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In talking about the 'best' way to deal with gravel we have lots of great idea's.



It seems fast will allow us to float. As a novice, I agree



It seems slow will minimize the 'damage' should we fall. As a novice, I agree again.



One thing I have noticed on many gravel roads. Seems there can be deep holes, big rocks, on-comming (fast) bikes. Simply put, lots of issues can lay ahead. If you are not skilled enough to deal with these issues at speed, then in my opinion, it would be silly to "try to float on gravel". There is alot more issues to deal with.



I would suspect that Ben can tell us exactly what the force of impact would be should the face of a 190lb rider hit the rough trail surface a 42mph.



Not trying to be a "Dark cloud", but most trails that I have been on offer-up lots more than simply gravel. Last Sunday I came across a partially filled 18" hole on my gravel road. At 19mph, an optional path was easy to find. Just my opinion. Gerry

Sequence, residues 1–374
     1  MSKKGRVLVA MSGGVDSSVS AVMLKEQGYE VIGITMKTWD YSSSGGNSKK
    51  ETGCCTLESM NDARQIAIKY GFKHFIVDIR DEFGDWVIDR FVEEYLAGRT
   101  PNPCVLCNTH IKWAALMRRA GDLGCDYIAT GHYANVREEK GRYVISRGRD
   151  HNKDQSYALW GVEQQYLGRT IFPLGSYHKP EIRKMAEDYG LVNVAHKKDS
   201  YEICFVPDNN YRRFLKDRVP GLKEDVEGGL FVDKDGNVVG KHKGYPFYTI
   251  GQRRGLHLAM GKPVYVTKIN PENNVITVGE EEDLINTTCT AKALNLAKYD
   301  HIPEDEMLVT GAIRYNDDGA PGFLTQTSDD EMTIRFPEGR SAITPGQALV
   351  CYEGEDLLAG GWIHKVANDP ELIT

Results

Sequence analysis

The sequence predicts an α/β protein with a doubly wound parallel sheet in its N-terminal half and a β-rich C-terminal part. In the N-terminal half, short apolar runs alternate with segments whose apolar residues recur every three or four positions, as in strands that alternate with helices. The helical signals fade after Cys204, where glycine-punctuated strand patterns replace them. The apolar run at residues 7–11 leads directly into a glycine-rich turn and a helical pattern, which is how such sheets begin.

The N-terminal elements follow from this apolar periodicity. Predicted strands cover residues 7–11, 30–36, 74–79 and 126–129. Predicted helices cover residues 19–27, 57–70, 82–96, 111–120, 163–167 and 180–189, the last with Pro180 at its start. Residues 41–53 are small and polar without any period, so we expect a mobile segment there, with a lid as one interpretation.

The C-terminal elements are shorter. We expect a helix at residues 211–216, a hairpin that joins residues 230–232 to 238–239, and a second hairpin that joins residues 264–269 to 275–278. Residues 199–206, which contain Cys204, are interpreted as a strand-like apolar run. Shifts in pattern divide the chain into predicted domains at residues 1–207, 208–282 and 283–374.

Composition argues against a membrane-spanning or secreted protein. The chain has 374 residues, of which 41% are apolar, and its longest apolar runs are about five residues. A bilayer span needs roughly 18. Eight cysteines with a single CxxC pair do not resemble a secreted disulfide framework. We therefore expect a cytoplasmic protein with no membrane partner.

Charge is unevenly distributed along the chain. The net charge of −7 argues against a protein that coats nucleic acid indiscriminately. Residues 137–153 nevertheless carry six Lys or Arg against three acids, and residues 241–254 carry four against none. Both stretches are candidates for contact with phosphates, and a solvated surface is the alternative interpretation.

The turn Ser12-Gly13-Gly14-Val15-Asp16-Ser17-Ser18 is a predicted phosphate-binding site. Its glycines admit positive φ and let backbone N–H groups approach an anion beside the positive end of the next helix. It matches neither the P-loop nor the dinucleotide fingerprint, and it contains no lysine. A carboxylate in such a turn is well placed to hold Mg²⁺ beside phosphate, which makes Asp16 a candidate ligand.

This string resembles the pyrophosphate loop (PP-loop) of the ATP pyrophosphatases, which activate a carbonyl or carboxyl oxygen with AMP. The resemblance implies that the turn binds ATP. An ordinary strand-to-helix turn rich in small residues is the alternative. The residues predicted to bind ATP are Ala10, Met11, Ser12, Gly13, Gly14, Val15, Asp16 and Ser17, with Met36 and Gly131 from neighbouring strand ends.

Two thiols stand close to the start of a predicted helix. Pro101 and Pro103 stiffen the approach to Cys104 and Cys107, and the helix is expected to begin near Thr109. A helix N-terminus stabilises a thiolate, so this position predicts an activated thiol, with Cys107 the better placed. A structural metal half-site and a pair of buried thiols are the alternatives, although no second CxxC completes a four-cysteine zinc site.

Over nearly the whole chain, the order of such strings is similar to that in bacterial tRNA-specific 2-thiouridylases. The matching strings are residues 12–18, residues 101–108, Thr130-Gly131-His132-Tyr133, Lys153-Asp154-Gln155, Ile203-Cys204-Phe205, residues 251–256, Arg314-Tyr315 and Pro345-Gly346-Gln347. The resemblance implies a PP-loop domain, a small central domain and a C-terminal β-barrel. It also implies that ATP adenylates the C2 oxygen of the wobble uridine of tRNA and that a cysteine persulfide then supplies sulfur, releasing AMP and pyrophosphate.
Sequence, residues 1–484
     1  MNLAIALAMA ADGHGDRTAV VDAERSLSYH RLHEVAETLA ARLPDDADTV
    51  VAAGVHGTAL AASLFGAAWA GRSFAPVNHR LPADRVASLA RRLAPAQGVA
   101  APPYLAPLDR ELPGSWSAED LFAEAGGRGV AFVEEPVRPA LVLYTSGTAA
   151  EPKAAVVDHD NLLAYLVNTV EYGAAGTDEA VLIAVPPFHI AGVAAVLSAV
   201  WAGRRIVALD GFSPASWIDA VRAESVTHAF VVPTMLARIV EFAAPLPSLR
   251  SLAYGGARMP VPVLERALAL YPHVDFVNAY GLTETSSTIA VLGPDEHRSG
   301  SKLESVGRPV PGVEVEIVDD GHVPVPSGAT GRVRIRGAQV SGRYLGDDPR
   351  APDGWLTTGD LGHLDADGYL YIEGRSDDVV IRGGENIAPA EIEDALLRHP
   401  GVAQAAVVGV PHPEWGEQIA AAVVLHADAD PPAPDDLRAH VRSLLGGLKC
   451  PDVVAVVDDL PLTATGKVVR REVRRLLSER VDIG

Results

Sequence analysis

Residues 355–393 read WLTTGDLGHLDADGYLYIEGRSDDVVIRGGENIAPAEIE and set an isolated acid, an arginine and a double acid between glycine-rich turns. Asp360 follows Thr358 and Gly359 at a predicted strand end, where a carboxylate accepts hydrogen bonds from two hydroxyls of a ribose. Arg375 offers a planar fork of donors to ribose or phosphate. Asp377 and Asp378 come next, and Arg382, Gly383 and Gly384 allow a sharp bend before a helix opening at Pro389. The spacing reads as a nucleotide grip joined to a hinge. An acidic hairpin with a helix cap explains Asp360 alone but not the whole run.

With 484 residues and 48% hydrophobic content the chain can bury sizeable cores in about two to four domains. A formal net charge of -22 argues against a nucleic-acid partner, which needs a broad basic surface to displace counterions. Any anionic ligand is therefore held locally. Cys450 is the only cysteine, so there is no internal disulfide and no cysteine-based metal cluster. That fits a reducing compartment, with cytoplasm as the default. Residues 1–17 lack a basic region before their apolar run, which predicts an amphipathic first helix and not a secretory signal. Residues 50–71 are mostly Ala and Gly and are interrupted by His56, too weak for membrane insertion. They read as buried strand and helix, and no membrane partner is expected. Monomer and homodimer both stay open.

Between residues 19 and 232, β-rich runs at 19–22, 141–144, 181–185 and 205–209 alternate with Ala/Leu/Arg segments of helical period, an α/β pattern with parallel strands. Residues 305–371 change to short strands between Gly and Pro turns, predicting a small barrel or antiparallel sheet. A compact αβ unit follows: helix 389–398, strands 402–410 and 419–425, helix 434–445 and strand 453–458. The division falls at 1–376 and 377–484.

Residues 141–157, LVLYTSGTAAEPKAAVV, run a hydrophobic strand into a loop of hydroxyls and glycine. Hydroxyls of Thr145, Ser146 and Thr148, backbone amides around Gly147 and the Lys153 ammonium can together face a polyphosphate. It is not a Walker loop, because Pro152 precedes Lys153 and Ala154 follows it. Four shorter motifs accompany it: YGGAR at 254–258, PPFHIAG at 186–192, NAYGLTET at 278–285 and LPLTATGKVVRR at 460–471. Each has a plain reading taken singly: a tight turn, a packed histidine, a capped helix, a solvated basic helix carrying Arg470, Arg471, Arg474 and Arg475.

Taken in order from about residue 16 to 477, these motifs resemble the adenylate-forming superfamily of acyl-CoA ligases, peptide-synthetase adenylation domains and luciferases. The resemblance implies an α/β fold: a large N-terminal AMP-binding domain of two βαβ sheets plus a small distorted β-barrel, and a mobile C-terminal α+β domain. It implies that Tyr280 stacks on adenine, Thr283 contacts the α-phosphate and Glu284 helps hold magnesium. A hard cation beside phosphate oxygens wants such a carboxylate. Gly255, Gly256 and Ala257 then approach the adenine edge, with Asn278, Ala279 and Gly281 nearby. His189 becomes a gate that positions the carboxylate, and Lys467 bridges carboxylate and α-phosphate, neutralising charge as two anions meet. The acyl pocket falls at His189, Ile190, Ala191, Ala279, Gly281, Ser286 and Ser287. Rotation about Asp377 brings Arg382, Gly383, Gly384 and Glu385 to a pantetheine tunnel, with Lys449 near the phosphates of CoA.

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12psi and a better front tire help a lot.


Having just put on a better front tire I wholeheartedly agree with qwerty ! The stock front tire is horrible on the gravel. Not going too fast and staying loose are the main reasons I never went down.
 

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Since my crash on a gravel road I've tried to analyze it to figure out what I did wrong. It happened so fast, it's tough to be 100% sure, but I'm thinking I probably used the front brake. Not very hard, but when the front wheel started to go sideways, I'm guessing I instinctively squeezed even harder, compounding the problem. My "lesson learned" is to completely keep my hand off that front brake when riding on gravel. If I have to slow down and simply easing off the throttle isn't enough, I might try a little rear brake. If the rear slides it's much easier to recover from a rear wheel skid that a front wheel skid, especially on gravel.



I was taught that the front brake has far more braking power than does the rear, and that's true... but... When you use the front brake your weight shifts forward. Get that front wheel ever so slightly out of alignment, then compound that with a weight shift forward and... you're probably going down. I've got the scars to prove it.
 
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